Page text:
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After Zika threat passes, ICANN confirms return to Puerto Rico

Kevin Murphy, December 16, 2016, Domain Policy

ICANN will hold its first public meeting of 2018 in San Juan, Puerto Rico, which was originally supposed to the venue for this October’s meeting.

ICANN moved ICANN 57 from San Juan to Hyderabad, India in May, at the height of the scare about the Zika virus.

Zika is spread by mosquitoes and sex and can cause horrible birth defects. An epidemic, beginning in 2015, saw thousands affected in the Americas and South-East Asia.

Puerto Rico was one of the affected regions. At the time of the ICANN postponement, numerous government travel warnings were in effect.

The World Health Organization announced last month that the epidemic is over.

It was always understood that Puerto Rico had been merely postponed rather than permanently canceled, and ICANN’s board of directors this week resolved to hold the March 2018 meeting — ICANN 61 — there.

ICANN 57 brings in thousands of noobs

Kevin Murphy, December 7, 2016, Domain Policy

ICANN 57 set new records in terms of attendance, with a large majority of participants total newbies who’d never been to an ICANN meeting before.

The meeting, held in Hyderabad, India last month, had 3,182 attendees, and first-timers outnumbered veterans over two-to-one.

The previous record was 3,115 total participants, set at ICANN 50 in London two years ago.

Over two thirds of participants — 2,180 people or 68% of the total — were noobs, according to ICANN statistics released last night (pdf).

That compares to 344 newcomers at the abbreviated June meeting in Helsinki.

The massive turnout in November appears to be due to huge local interest.

Over 72% of attendees — 2,306 people — were from the Asia-Pacific region. ICANN does not break down attendance by nationality, but I suspect the large majority will have been Indian.

Only 200 people from Asia-Pac showed up in Helsinki.

Of the Asia-Pacific participants in Hyderabad, 2,056 were first-time attendees.

For context, there were hundreds more first-time Asia-Pac participants in Hyderabad than there were total attendees at the Helsinki meeting, when 1,436 people showed up.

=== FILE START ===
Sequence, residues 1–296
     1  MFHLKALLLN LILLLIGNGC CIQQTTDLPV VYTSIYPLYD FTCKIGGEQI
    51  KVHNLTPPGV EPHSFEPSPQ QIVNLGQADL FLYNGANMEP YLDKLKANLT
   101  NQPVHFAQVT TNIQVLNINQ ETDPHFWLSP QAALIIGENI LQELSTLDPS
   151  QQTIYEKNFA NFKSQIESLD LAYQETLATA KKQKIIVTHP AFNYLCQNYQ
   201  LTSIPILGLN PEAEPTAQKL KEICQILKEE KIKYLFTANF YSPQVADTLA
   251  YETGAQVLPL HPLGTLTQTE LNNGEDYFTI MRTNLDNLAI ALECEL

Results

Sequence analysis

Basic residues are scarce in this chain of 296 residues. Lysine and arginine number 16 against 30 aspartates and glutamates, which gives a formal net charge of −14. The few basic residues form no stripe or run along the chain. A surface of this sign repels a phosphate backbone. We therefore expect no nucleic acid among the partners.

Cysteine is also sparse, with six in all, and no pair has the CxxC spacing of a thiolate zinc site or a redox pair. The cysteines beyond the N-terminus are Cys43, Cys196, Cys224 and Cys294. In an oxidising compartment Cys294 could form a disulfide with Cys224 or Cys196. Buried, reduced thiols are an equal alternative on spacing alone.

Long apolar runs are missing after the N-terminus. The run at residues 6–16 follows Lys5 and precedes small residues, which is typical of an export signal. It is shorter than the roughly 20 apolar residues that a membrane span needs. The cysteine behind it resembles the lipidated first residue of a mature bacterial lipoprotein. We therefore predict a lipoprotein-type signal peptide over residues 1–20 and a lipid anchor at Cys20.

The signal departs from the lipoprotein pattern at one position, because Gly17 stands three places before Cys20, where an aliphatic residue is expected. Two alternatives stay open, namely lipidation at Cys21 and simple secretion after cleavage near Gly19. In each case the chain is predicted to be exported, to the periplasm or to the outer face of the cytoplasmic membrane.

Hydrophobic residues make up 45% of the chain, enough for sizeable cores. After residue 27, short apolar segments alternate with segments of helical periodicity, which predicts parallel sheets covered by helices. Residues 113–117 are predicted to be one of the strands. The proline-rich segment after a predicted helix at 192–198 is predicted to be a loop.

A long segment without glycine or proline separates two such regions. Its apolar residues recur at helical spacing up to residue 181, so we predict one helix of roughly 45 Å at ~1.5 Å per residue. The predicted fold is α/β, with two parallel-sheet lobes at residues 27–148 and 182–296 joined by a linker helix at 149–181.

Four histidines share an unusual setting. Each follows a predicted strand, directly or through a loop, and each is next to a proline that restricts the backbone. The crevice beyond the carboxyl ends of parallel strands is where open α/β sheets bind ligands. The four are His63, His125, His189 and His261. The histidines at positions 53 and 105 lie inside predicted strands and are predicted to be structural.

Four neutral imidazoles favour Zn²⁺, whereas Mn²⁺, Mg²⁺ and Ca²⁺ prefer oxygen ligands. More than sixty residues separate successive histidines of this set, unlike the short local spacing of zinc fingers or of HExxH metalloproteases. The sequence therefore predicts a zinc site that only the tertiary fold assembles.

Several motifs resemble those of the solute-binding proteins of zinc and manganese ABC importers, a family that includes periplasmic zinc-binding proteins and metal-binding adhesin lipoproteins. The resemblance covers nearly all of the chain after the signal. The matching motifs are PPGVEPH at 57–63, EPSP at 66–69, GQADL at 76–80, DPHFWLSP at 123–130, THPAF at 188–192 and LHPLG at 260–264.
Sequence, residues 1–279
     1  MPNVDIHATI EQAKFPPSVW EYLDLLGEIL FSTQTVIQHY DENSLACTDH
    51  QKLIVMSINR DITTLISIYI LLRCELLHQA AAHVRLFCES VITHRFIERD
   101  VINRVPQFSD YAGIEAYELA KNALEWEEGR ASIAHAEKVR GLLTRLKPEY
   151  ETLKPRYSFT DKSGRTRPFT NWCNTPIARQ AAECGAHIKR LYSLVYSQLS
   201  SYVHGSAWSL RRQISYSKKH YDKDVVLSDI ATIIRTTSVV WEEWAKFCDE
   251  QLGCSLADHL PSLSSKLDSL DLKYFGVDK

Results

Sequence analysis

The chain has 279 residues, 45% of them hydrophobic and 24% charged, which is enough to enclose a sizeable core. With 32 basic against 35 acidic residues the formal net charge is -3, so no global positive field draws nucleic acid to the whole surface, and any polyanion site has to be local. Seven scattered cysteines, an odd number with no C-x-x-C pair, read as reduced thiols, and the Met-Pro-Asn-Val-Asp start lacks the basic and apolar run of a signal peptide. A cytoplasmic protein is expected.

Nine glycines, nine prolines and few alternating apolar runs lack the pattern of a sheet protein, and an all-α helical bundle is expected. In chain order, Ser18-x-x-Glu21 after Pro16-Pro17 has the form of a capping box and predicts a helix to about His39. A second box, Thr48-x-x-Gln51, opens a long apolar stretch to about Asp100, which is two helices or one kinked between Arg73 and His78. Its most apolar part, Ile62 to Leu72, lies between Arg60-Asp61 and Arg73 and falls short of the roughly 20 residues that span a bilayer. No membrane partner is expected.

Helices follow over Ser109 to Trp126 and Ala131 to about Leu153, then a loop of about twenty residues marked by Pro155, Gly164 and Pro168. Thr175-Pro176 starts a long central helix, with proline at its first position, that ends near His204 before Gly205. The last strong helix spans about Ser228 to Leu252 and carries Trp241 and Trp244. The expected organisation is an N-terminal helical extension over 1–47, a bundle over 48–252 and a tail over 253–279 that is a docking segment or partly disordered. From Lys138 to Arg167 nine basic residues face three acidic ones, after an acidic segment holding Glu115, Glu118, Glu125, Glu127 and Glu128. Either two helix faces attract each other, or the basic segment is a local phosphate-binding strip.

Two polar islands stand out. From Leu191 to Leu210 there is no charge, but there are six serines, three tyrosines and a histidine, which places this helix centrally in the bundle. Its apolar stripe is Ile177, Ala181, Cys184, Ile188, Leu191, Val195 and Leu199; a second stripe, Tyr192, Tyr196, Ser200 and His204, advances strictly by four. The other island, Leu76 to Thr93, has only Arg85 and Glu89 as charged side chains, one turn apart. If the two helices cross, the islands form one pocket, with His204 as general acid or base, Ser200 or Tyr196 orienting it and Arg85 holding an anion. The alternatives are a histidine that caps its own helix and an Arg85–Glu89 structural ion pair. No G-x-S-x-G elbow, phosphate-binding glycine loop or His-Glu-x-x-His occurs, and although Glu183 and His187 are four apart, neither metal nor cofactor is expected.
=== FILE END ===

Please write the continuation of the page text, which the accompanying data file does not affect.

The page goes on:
There were also slightly more Asia-Pac attendees at ICANN 57 than total attendees at ICANN 55 in Marrakech this March.

The significant local interest appears to have tilted the gender balance in favor of men, who represented 74% of the total. Women were 20%. The remainder did not disclose their sex.

That compares to 61% and 32% in Helsinki.

UPDATE: This story was updated with better gender mix data a few hours after publication.

Who are the five new ICANN directors?

Kevin Murphy, November 15, 2016, Domain Policy

Almost a quarter of ICANN’s board of directors were replaced at the organization’s annual general meeting in Hyderabad last week.

Five of the 21-strong board are fresh faces, though many will be familiar to regular ICANN and industry watchers.

They hail from five different countries in four of ICANN’s five regions. One is female.

They replace Bruce Tonkin, Erika Mann, Suzanne Woolf, Kuo-Wei Wu and Bruno Lanvin, each of whom have served terms between three and nine years.

The newcomers all get initial, renewable, three-year terms.

Here’s some abbreviated bios of the newly appointed directors.

Maarten Botterman

Appointed by the Nominating Committee, Botterman is an internet governance consultant with strong historic ties to the registry industry.

From the Netherlands, he was chairman of .org manager Public Interest Registry for eight years until July 2016 and served as its interim CEO for several months in 2010.

Prior to that, he held advisory roles in the Dutch and European Union governments.

Becky Burr

American Burr replaces term-limited Bruce Tonkin as the GNSO contracted parties representative to the board. Since 2012 she’s been chief privacy officer of Neustar. Before that, she was a lawyer in private practice.

There are very few people more intimately familiar with ICANN. In the late 1990s, while working at the US National Telecommunications and Information Administration, she was a key player in ICANN’s creation.

Khaled Koubaa

Koubaa, a Tunisian, is founder of the Arab World Internet Institute, a non-profit dedicated to improving internet knowledge in the Arab region, and until recently head of Middle-East and North Africa public policy at Google.

He was selected by the NomCom. He is also a former member of NomCom, having sat on it during its 2008/9 session. He’s also been a volunteer adviser to PIR in the past.

Akinori Maemura

Hailing from Japan, Maemura works for IP address registry JPNIC. He was selected for the ICANN board by the Address Supporting Organization.

Until recently, he was chair of the executive council of APNIC, which is responsible for distributing IP addresses in the Asia-Pacific region.

Kaveh Ranjbar

Iranian-born, Netherlands-based Ranjbar is chief information officer of RIPE NCC, the European IP address authority.

He was appointed to the ICANN board by the Root Server System Advisory Committee.